Ray Yuen

Former Supervisory Special Agent (FBI)

Dennis A. Wichern
Dennis A. Wichern

Former Special Agent-in-Charge (DEA)

Make your opinions known while respecting your lawyer’s expertise.

Although your attorney is the expert, you are part of the team whose goal is to achieve the optimal outcome for you at the end of the day. Respect your lawyer’s expertise, and make your opinions known. Remember that you lived the facts and are the primary source of information about the events as they unfolded. Do not hesitate to correct misperceptions by your attorney–– they weren’t there when who did what or when a certain event occurred. Also, realize that part of your attorney’s job is to give you an honest assessment of your case and how it will be viewed by the government. Getting angry at your attorney or blaming them for the government’s actions will not help you achieve your goals.

Consider the question asked before answering.

When you arrive at the proffer, the agents and prosecutors present will tell you their specific concerns and questions about your case. Your attorney will––hopefully––learn these concerns in advance and prepare you for answering the questions completely and honestly while not offering additional facts beyond those that are requested. Your attorney will be sitting next to you during the proffer to hear the questions and answers. They may ask for a break at some point to confer with you or if they feel that you are beginning to tire out or lose focus. You may also ask for a break at any time to use the restroom or get a drink, although the prosecutor may ask you to answer any pending question prior to such a break. You can expect the prosecutors and agents to be professional and perhaps even friendly, but keep in mind that they are not on your side.

During any break, feel free to ask your attorney questions. They may also use this time to remind you to answer questions audibly, to speak slowly, and to suggest potential clarification if it seems that one or more of your answers may have been misunderstood.

If you do not understand a question the prosecutor has asked, it is perfectly acceptable to say so and to request that the question be rephrased. Also, you may not know the answers to every question, or you may not remember certain details. If “I don’t know” or “I don’t remember” is a full, complete, and truthful answer, then you should not hesitate to give such an answer.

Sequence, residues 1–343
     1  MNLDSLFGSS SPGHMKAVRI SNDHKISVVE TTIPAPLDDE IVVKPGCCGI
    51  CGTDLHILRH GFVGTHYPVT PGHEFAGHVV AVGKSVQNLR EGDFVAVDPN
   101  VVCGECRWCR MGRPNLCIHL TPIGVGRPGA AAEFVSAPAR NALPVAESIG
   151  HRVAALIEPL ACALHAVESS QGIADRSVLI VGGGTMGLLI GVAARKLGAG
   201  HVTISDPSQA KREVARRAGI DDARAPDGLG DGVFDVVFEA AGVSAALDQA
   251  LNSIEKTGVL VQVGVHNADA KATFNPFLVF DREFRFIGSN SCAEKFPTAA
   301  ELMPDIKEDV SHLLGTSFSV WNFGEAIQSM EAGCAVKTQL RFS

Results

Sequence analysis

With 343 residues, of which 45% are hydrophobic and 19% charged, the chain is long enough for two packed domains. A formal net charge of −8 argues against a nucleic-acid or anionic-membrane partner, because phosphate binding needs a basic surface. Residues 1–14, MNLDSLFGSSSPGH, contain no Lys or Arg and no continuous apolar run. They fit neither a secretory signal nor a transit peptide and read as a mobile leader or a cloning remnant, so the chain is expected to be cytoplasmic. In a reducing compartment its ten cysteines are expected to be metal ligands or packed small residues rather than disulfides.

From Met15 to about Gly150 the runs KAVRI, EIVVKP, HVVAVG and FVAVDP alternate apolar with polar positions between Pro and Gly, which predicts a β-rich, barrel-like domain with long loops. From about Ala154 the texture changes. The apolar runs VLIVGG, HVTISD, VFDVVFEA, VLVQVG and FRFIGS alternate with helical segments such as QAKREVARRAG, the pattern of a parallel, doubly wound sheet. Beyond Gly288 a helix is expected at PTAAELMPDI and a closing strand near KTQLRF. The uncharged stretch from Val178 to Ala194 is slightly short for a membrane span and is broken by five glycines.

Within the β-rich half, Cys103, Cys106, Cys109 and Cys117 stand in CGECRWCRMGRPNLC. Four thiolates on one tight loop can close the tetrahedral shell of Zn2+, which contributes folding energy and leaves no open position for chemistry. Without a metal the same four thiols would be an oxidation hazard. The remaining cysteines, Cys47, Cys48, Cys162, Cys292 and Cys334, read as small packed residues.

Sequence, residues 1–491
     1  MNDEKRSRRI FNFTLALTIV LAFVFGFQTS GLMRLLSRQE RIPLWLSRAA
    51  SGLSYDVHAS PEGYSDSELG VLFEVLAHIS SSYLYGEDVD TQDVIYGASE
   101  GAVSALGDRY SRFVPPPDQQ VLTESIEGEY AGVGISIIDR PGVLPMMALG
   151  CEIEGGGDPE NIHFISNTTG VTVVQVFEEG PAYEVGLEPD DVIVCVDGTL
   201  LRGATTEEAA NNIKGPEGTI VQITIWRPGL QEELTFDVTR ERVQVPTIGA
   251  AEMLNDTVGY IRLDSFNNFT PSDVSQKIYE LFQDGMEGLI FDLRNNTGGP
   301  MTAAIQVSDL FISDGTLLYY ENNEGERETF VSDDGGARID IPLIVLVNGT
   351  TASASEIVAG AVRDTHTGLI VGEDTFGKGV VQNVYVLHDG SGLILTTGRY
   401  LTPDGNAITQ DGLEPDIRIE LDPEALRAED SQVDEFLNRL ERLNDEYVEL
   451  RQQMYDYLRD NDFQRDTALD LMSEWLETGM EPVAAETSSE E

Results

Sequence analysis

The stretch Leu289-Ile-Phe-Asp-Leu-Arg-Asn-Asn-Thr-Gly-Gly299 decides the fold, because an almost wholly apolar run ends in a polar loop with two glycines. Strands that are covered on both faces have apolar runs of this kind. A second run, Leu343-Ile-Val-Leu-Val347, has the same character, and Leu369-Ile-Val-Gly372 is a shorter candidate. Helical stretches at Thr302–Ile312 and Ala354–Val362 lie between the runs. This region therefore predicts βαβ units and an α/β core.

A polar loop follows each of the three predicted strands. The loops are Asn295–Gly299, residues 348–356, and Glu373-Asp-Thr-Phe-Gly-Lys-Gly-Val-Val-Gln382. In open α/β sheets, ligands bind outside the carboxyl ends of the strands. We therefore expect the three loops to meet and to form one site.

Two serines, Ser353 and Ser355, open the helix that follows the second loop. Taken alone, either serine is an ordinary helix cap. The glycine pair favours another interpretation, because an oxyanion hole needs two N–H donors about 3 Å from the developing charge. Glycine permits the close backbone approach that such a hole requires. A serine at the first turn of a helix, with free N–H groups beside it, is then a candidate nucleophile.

While the government has your attorney’s written proffer if one was given, your actual proffer is what you say at the session. So, they will start from the beginning and ask you the same questions to which your attorney has already provided written answers; they need to hear those answers on the record from you directly. They will be comparing your verbal answers with the written proffer submitted by your attorney, so make sure that you review the attorney’s proffer before going into the session.

Be prepared to answer additional questions.

You can also expect to be asked additional questions beyond what was submitted in the written proffer. Your answers to these questions can be critical, and your attorney will try to predict these questions before the session. For example, “Why did you not suspect that your behavior was illegal?” or “ Didn’t you think it strange that you were being offered so much money?” or “Given what you knew about Mr. X, why didn’t you suspect that he was not telling you the truth?” Answer each question as asked. If you’re unclear what the prosecutor is asking, seek clarification; for example, “do you mean only the money I paid Mr. X relating to this transaction, or do you mean all the money I ever paid Mr. X?”

Try not to be argumentative or defensive in response to questions; your attorney will aggressively advocate on your behalf both before and after the proffer. Nevertheless, it is appropriate and important for you to correct factual inaccuracies in the government’s questions or statements, but you must do so in a respectful, calm, matter-of-fact tone. For example, “I actually did not know, at the time, that Mr. X had been convicted of XYZ.”

Leave enough time for the proffer session.

It is imperative that you leave enough time for this proffer session. If you can, clear the entire day. It may take longer than expected, and if you are anxious about child care or getting to another appointment, it may come across in your testimony as nervousness or even untruthfulness. Also, prosecutors are not required to offer you this chance to proffer and are likely to be unimpressed if you end the session early.

If you are a target or a defendant in a federal investigation and you are considering cooperation with the government, you need an experienced defense counsel that understands the proffer process and who can effectively advise you whether you are a good candidate to enter an agreement with the government.

Contact us today to speak with an attorney.